Wednesday, June 25, 2008

Garden Notes

I spent some time in the relative coolness of the morning, checking out how my gardens are taking the extreme heat we've been having.  I think "not well" would be my take on things. Everything looks stressed, but most of it is hanging in there. 
Don't forget to click on the pictures that you'd like to see better.
I think the mystery of 'what kind of volunteer winter squash is this?'  is solved.  It's beginning to look very much like a butternut squash, despite it's green coloring. This plant is working very hard to stay alive.  I think the two squash you see will be all I get.  Oh well, that's two more than I planned for and I love butternut squash.
Another volunteer.  A sweet potato under my tomatoes.  It's the plant directly in front of the the blue pot.  You also see plenty of volunteer weeds. :) 
Pomegranate triplets.  Normally, the tree would have expelled two of them.  They are far from ripe, so anything could happen.  The poor little tree is loaded with fruit.  A bounty for us, a burden for the tree.
Morning Glories in all their glory.  

More volunteers.  
The purple flower is a Violet Ruellia.  If you ever have the chance to plant this---don't.  I didn't plant it, it is native.  It is also extremely invasive and very, very deep rooted.  It cannot be pulled up, even in very wet soil.  It has a cool way of spreading though---the seed pods explode when hit by water droplets.  It took me the longest time to figure out what 'that noise' was once when I was working in the veggie garden.  I kept hearing what sounded like electrical popping and wondered if the sprinkler system in the other bed was having a problem.  I got nearer and was hit with ruellia seeds.  I've decided since they have flowers, that they can stay.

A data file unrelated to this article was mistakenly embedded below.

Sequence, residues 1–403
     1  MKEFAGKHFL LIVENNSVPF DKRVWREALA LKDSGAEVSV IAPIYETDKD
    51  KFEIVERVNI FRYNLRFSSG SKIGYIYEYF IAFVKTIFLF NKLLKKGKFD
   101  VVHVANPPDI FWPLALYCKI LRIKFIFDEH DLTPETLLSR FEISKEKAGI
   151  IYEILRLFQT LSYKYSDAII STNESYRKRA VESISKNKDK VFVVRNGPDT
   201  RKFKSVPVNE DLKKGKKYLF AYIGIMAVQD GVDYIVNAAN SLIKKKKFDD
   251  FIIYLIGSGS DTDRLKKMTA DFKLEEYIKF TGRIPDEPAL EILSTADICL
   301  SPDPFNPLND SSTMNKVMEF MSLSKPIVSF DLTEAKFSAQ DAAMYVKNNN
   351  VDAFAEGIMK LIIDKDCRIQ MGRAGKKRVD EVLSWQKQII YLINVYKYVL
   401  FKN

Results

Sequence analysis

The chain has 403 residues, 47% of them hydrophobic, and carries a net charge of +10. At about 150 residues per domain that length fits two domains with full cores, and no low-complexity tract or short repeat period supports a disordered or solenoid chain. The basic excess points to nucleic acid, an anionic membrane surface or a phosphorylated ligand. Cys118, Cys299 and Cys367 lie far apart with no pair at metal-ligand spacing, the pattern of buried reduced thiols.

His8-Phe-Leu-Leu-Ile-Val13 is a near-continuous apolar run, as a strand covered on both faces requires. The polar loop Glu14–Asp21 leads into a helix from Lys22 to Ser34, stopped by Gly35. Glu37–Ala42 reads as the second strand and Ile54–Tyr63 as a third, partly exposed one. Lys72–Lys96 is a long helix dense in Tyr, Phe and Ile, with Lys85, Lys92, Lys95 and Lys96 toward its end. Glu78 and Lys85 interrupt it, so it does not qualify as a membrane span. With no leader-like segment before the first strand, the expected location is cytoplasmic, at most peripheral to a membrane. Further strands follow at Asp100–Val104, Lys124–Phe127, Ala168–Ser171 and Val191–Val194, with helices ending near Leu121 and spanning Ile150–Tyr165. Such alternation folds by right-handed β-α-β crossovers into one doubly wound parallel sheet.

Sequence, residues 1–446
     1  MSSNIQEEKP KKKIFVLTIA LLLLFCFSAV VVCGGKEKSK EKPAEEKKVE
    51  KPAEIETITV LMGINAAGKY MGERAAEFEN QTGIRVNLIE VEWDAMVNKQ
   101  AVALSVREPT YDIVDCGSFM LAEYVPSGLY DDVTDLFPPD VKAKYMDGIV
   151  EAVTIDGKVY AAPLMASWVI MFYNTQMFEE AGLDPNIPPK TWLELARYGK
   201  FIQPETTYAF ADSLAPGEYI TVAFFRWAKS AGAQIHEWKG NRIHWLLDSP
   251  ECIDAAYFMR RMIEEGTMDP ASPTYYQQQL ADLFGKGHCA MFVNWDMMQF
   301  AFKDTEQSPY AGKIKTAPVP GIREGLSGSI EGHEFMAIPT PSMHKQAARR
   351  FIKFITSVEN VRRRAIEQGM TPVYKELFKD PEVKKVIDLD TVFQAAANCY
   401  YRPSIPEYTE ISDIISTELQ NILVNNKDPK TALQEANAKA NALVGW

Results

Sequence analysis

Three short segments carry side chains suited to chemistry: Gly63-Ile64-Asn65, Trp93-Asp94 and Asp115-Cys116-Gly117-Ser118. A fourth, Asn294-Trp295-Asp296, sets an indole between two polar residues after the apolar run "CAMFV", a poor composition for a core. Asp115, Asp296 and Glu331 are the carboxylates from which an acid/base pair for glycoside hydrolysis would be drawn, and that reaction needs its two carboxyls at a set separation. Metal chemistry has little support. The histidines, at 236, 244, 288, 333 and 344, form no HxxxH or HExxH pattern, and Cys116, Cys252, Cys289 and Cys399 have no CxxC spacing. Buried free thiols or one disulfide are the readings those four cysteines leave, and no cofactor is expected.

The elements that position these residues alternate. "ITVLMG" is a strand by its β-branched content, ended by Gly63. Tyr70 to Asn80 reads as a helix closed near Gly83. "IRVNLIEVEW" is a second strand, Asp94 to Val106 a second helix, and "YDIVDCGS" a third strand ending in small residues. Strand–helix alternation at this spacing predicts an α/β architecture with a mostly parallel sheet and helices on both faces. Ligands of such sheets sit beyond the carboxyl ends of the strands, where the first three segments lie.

My poor husband puts up with this practice quite often.  The tall plant next to the ruellia is also a native volunteer.  It's called Snow on the Mountain.  In about a month, the tips of each branch will be covered in large clusters of white flowers that smell heavenly.  Lee says, "Just because it flowers, doesn't mean it should stay."  These volunteers were lucky enough to set up camp in my flower bed.  If they manage to start growing in the lawn, then all bets are off and Lee is free to do as he pleases.

4 comments:

  1. Butternut squash! They're beautiful!! How do you cook them, CeeCee? I've never been much of a squash fan, other than zucchini, which I love, but I'd be willing to give butternut a try just because it sounds delicious! :-)
    I loved your pictures today!

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  2. Butternut squash is a hard squash. It takes a steady hand and a large knife to cut into. It's creamy, orange, and has a nutty flavor that is like a pumpkin and sweet potato, mixed together--only milder. It is best when it's halved, baked and then dressed with a little butter and brown sugar. Geez, what can't be improved with butter and brown sugar?

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  3. Butternut squash is a hard squash. It takes a steady hand and a large knife to cut into. It's creamy, orange, and has a nutty flavor that is like a pumpkin and sweet potato, mixed together--only milder. It is best when it's halved, baked and then dressed with a little butter and brown sugar. Geez, what can't be improved with butter and brown sugar?

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  4. Everything looks great!

    Butternut is my favorite winter squash. I make a soup with butternut, cream, salt, onions, nutmeg and a little chicken broth. It's rich and filling, great for cool weather.

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